My grandfather had a pipe-aroma Tiparillo cigar in one hand, and a stemmed glass of Michelob Light with a couple of ice cubes in the other as he approached his ball and squinted to line up his putt. With the beer glass placed sort-of elegantly next to his ball and the cigar dangling from his lips, he drained the putt. Papou (the Greek word for grandfather) exclaimed one of his signature lines. “Next case!” He collected his ball and his beer and was off to the next tee.
Papou exuded a kind and generous confidence that was mesmerizing to be around. He was the undisputed patriarch of our family until his death a couple of years ago. He fought in World War II as a US Marine, ran his own Exxon gas station in Nashua, New Hampshire, owned race horses, drove a classic American sports car and, along with my YiaYia (Greek for grandmother), raised a strong and healthy family. I worshiped him and emulated his life to an almost unhealthy degree.
When I was a young child and my family would visit YiaYia and Papou on vacations, I always found him in the morning smoking a cigar and drinking coffee while he read the paper. He once told me he got up early because it was his job to hang the sun in the sky each morning. He even showed me the toolbox in the hall closet where he stored the sun at night. Try as I might, I never managed to wake-up before Papou to disprove his theory. When I would wake, Papou was already up – and so too was the sun.
When we would pull into his gas station before a day at Hampton Beach on New Hampshire’s short and frigid Atlantic coast, Papou would be there smiling, helping customers and working circles around his employees. He never breathed a word to me about work ethic or treating people the right way. Watching him for a few minutes every summer taught me all I would ever need to know about success in small business. He worked hard. He never had an entitled thought or bemoaned his lot in life. If his family needed something, he worked tirelessly until he met that need. If a friend asked for help or a church member struggled, he was there without a second thought. He believed in the glory and grace of God, and didn’t understand why anyone would question God’s almighty power. He was the most honorable man I have ever known, and I miss his strength and family leadership. Above all, I miss his ever-present smile.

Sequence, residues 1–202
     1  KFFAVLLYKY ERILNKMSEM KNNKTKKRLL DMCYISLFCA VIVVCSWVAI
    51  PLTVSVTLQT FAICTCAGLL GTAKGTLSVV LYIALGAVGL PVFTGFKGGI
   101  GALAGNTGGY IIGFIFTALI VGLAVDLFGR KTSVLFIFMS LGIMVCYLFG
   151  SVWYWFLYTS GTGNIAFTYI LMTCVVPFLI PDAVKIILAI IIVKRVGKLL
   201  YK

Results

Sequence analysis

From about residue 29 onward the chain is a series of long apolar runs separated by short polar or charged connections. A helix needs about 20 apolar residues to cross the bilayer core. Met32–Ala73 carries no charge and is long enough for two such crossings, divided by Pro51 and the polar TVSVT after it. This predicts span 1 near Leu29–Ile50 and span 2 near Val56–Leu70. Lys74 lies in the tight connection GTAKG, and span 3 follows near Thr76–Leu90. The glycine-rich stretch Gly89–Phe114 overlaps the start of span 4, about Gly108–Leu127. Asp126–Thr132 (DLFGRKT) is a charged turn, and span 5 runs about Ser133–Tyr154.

YiaYia died two years before Papou. She was the love of his life, and he was heartbroken when she passed. I’ll never forget watching Papou sob inconsolably. It was compelling to see how much this woman meant to the strongest man I knew. Through his actions rather than words, I learned the power of love and the intense pain of love lost. There is no doubt that the experience of witnessing Papou’s mourning intensified my love and commitment to my own wife. Even in tragedy, Papou was my inspiration.
In order to bring Papou some comfort and cheer, my cousin, Lexi, organized a book of family memories. Papou’s three children and their spouses, his seven grandchildren and their significant others, and nine great-grandchildren all contributed essays and pictures about the things we loved about Papou. The book captured a well-rounded successful life centered around strength, compassion and family. Papou was grateful for the book and the love he received from the family to which he had dedicated his life.
For me, an alcoholic in deep trouble, the book captured something else entirely. Many of the essays and photos highlighted the importance of alcohol in the life of this family – and of this man – that I love so much. There were tales about beers in times of celebration, beers to ease times of stress, beers on the golf course, and even beers as Papou drove down the highway.